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Joy Harjo Joy Harjo


No

Yes that was me you saw shaking with bravery, with a government issued
rifle on my back. Iím sorry I could not greet you as you deserved, my
relative.

They were not my tears. I have a resevoir inside. They will be cried
by my sons, my daughters if I canít learn how to turn tears to stone.

Yes, that was me standing in the back door of the house in the alley,
with fresh corn and bread for the neighbors.

I did not forsee the flood of blood. How they would forget our
friendship, would return to kill me and the babies.

Yes, that was me whirling on the dance floor. We made such a racket
with all that joy. I loved the whole world in that silly music.

I did not realize the terrible dance in the staccato of bullets.

Yes. I smelled the burning grease of corpses. And like a fool I
expected our words might rise up and jam the artillery in the hands of
dictators.

We had to keep going. We sang our grief to clean the air of turbulent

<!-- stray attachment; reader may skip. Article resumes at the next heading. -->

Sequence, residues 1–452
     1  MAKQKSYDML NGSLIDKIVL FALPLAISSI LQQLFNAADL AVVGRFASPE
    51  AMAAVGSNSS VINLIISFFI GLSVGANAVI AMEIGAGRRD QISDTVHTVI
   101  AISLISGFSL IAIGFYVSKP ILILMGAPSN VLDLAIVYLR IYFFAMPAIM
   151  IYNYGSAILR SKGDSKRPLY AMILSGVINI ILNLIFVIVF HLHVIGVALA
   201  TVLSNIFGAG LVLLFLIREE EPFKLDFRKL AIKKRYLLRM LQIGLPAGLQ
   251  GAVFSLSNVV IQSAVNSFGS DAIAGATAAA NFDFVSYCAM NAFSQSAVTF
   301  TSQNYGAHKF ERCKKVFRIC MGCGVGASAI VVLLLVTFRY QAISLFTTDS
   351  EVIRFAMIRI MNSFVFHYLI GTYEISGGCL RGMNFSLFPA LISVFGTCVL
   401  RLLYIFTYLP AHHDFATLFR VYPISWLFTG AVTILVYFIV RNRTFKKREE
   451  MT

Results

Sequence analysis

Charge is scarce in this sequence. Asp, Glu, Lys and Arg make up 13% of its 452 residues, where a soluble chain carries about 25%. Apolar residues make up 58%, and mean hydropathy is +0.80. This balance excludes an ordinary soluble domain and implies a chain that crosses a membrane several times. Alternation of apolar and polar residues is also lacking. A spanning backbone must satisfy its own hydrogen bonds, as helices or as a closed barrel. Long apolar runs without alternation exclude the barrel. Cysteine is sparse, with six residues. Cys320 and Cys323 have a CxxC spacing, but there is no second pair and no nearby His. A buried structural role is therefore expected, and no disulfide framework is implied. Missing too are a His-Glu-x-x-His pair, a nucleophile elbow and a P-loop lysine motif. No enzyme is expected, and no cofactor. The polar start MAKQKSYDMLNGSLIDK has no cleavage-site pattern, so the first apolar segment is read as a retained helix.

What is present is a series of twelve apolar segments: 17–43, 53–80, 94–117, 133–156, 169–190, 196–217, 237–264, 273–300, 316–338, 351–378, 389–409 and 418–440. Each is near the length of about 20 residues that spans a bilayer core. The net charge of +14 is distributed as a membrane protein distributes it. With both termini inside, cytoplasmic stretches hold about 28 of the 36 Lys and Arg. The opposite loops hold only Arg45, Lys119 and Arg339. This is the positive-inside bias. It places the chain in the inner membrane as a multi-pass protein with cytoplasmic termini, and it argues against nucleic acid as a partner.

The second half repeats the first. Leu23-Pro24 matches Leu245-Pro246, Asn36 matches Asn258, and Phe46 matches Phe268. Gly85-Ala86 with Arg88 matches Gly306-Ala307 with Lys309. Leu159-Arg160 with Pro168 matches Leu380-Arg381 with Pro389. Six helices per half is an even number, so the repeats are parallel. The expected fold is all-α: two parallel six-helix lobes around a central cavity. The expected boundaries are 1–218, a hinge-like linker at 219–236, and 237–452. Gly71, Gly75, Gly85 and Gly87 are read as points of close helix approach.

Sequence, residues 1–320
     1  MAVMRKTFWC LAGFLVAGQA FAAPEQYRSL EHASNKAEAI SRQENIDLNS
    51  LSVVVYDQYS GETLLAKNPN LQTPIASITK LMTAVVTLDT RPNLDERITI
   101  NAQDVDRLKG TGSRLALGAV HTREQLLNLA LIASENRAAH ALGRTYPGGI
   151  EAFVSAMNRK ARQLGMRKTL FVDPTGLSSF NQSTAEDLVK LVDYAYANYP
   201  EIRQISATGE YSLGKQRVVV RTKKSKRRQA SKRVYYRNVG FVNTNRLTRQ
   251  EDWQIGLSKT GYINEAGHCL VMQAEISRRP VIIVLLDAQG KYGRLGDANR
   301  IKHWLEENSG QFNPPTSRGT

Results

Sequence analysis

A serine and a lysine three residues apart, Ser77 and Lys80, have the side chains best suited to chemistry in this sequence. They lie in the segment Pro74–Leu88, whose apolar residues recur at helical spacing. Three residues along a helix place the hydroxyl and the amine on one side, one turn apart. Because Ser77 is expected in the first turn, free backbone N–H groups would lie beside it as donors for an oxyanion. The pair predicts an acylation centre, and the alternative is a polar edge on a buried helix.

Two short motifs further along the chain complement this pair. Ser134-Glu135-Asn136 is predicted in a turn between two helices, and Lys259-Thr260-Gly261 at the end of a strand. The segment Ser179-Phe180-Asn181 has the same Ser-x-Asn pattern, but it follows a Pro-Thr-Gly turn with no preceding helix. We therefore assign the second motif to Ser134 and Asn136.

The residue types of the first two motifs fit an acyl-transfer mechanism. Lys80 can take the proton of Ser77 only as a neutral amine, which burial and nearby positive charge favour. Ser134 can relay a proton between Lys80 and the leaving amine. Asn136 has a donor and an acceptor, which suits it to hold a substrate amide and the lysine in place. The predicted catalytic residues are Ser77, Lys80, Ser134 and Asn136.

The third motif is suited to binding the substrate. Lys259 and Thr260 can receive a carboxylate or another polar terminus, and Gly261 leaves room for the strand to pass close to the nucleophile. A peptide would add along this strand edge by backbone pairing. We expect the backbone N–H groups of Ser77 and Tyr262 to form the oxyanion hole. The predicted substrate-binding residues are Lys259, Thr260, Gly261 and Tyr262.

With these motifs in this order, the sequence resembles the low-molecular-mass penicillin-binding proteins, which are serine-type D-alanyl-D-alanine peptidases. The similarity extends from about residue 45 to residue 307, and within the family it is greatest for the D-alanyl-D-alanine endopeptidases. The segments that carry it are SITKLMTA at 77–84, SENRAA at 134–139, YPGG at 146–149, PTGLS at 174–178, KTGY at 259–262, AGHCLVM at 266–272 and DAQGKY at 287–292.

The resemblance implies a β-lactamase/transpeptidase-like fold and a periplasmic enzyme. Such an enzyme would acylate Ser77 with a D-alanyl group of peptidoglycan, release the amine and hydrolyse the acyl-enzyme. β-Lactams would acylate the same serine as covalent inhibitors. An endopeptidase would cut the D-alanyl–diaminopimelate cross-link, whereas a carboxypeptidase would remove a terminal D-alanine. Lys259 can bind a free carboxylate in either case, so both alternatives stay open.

spirits.

Yes, I did see the terrible black clouds as I cooked dinner. And the
messages of the dying spelled there in the ashy sunset. Every one
addressed: “mother”.

There was nothing about it in the news. Everything was the same.
Unemployment was up. Another queen crowned with flowers. Then there
were the sports scores.

Yes, the distance was great between your country and mine. Yet our
children played in the path between our houses.

No. We had no quarrel with each other.


Rushing the Pali

Thereís not enough time,
no puka to squeeze through
the head, then the shoulder
then the rest of it
a perfect creation
with hands, feet and
a mystical heart.
Itís too late.
Iíve promised a ride
to Hula, and then
I am to paddle
to Kewalo
and back in sprint time
that is after the cleaners
and a few phone
calls to figure out how
to remove
mildew from synthetics.
There is holy woven
through all life
if that is so then even in the rush
can be found
mythic roots for example how
this island was formed
from desire and fire
from the bottom of the sea
and how we came to be
here, next to the flowers
teased by winds
who travel freely back and forth
from the other side.
I am attracted
by the songs of the holy
curling indigo,
sea turtles alongside the canoe
or a mist of elegant consciousness
floating above the clatter
of annoyance.
There was dawn and the color
of ashes just before the sun
when the spirits of dancers before us
joined and the earth moved